Taken from On Comparing Ourselves to others…
do we feel badly when we compare ourselves to others following a similar path?
“No one can make you feel inferior without your consent.”
– Eleanor Roosevelt
Is it HEALTHY when we find our mind doing this, and how can we harness it?
I’ve been looking at this subject for a little while now, ever since I published the first edition of my book How to Heal Your Life on a Deep Heart Level and on through Developing Happiness When You Can’t Find It.
While I had achieved the realization of a huge goal when I wrote and published my first self-help book, the euphoria of completing the manuscript, researching how to e-publish and then seeing it up on Amazon had been diminished when I found out that a whole new stage of work had just now started: learning to ‘Market The Book’ and ‘Building An Author Brand and Platform’!
I had been awed and amazed how some first-time published authors zoomed way to successfully learn how and where to market themselves, while building a platform that was just, well, awe-inspiring.
There had been moments when I saw how much they’d accomplished, and when I compared my progress and successes to theirs I felt very discouraged and overwhelmed with the amount of work still remaining to do.
I had to look a little deeper into this feeling… why was I feeling it? …where was it coming from? …was it true? …how could I harness the negative and turn it around?
My past history of self-blame, low self-esteem, and low self-confidence threatened to insert itself, and the old feelings of paralysis loomed over me. Doubts, huge doubts were growing in my mind.
I didn’t wish to be sucked down that vortex again, so I looked at it head on and asked myself some questions:
- Was I comparing myself unfavorably with those authors because I had an inferior message/book?
- Was my time-line of learning and progress inferior to theirs?
- Was I supposed to have known all this before publishing?
- Did I deserve less success from them?
I think that there were many more nebulous questions swirling in my head, but these four seemed to encapsulate the strongest feelings and thoughts I had. As you can see, just the tone alone of these questions shows a deep level of self doubt and blame, which in blue moments liked to clear its throat and tap me on the shoulder.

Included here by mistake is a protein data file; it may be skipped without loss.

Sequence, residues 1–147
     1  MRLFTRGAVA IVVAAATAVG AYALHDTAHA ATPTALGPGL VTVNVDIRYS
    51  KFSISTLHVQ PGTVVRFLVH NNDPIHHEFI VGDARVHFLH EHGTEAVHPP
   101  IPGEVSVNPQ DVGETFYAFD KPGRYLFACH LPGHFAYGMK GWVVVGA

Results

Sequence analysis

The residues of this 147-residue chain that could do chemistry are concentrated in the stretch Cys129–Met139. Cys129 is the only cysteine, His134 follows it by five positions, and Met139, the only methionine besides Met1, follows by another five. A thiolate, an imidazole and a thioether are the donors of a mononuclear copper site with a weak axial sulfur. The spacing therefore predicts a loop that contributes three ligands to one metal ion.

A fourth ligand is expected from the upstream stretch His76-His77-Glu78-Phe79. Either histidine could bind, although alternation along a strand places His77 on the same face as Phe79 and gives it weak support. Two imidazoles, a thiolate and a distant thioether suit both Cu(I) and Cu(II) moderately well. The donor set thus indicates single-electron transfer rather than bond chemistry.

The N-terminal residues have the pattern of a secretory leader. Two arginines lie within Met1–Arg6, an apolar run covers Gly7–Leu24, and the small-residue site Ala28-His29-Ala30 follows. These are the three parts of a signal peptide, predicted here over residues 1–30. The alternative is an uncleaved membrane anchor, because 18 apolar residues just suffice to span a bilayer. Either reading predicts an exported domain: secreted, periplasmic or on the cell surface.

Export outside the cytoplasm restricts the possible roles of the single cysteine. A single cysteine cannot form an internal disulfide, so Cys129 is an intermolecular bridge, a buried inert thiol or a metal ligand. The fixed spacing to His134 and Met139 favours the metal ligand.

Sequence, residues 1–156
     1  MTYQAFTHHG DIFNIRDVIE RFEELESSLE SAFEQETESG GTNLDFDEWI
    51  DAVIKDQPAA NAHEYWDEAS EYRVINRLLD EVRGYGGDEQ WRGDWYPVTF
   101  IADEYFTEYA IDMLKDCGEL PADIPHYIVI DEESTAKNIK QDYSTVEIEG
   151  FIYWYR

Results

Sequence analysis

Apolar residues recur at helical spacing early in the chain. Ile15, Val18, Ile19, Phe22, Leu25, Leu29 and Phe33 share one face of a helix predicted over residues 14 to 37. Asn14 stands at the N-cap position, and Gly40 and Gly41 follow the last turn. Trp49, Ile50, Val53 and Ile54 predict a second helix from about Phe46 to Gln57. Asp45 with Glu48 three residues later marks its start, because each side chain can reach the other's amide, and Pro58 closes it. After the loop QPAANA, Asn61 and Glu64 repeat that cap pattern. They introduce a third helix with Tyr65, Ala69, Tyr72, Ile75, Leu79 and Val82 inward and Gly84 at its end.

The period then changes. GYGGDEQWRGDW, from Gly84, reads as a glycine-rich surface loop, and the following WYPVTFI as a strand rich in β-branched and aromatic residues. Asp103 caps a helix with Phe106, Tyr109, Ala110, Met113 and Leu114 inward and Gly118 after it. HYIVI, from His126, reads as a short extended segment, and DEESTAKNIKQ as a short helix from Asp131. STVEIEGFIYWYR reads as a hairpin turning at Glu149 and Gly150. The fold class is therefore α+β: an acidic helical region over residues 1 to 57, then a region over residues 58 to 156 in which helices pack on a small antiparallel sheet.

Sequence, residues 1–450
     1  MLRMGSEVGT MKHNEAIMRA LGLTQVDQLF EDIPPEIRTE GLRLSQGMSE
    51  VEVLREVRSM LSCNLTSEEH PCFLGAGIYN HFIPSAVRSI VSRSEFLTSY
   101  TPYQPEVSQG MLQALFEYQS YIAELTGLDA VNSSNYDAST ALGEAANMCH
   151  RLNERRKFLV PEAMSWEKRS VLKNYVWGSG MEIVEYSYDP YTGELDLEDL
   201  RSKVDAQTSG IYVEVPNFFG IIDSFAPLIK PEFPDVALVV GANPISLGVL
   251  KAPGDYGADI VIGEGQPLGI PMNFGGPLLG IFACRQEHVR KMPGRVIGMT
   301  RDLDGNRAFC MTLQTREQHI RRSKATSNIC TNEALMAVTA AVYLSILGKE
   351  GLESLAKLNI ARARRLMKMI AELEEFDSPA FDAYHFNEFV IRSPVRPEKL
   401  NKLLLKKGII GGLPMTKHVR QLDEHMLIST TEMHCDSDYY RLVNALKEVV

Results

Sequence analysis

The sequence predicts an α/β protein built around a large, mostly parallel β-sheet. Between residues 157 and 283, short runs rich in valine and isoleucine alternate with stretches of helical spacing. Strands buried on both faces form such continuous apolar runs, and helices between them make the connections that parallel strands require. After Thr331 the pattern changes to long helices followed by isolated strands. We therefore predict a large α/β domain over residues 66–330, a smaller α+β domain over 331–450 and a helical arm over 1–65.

At first I tried to dismiss those thoughts, but we all know, this isn’t a good tactic! It keeps rearing it’s head, and with each new difficult event, it gets more and more insistent in how it wants to be looked at!
Brushing our thoughts under the rug, so to speak, or trying to banish them to some back room in our mind, isn’t a good strategy, because like the naughty children they are, they’ll keep bursting out, stronger and stronger!
So, how do we deal with those thoughts, without being sucked down into a deep pit of depression?
Denying these negative questions or trying to find arguments against them is useless I found, because finding strong enough arguments to convince ourselves and to erase self-doubt. I found I could always find the flaw in my weak reasoning, and became more discouraged as a result.
The best way to really deal with the negative, is by using the positive!
Turn on the light and the darkness flees!Unknown
I took a look at what I had been able to accomplish when I wrote the first book, and I took note of the circumstances I was in while doing it. Many of us accomplish things not when all is going well for us, or when we’re on the top of our game, but some times in spite of difficulties or barriers!
1) I wrote during a time one might think would be impossible to write in: my job ended, I moved in with daughter to help with the kids when my baby grand-daughter was re-diagnosed with cancer (she’s back to being healthy again!), my marriage went down in spectacular flames. (I knew it was over when he was calling me on the phone while I was in the hospital with the baby and demanding I somehow get more money to him, even though I was out of work… No, I no longer harbor ill feelings towards him, since he has since succumbed to Dementia.)